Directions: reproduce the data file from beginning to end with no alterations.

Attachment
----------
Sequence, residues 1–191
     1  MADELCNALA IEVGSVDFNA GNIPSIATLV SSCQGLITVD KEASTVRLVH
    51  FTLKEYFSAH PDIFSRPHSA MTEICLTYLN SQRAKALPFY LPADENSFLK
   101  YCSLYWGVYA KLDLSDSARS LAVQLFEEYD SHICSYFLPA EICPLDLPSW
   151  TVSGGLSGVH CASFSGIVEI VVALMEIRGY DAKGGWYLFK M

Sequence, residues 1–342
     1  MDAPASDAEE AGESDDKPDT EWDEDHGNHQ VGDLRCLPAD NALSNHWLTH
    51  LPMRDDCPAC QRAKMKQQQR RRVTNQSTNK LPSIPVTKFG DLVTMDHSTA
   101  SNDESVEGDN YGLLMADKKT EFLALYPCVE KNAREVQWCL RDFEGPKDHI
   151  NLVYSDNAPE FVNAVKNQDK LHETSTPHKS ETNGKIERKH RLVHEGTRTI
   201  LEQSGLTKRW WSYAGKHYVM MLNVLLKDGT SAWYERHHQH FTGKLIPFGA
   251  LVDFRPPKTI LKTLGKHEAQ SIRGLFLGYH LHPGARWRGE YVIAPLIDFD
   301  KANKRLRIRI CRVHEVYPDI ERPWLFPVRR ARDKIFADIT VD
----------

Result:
Sequence, residues 1–191
     1  MADELCNALA IEVGSVDFNA GNIPSIATLV SSCQGLITVD KEASTVRLVH
    51  FTLKEYFSAH PDIFSRPHSA MTEICLTYLN SQRAKALPFY LPADENSFLK
   101  YCSLYWGVYA KLDLSDSARS LAVQLFEEYD SHICSYFLPA EICPLDLPSW
   151  TVSGGLSGVH CASFSGIVEI VVALMEIRGY DAKGGWYLFK M

Sequence, residues 1–342
     1  MDAPASDAEE AGESDDKPDT EWDEDHGNHQ VGDLRCLPAD NALSNHWLTH
    51  LPMRDDCPAC QRAKMKQQQR RRVTNQSTNK LPSIPVTKFG DLVTMDHSTA
   101  SNDESVEGDN YGLLMADKKT EFLALYPCVE KNAREVQWCL RDFEGPKDHI
   151  NLVYSDNAPE FVNAVKNQDK LHETSTPHKS ETNGKIERKH RLVHEGTRTI
   201  LEQSGLTKRW WSYAGKHYVM MLNVLLKDGT SAWYERHHQH FTGKLIPFGA
   251  LVDFRPPKTI LKTLGKHEAQ SIRGLFLGYH LHPGARWRGE YVIAPLIDFD
   301  KANKRLRIRI CRVHEVYPDI ERPWLFPVRR ARDKIFADIT VD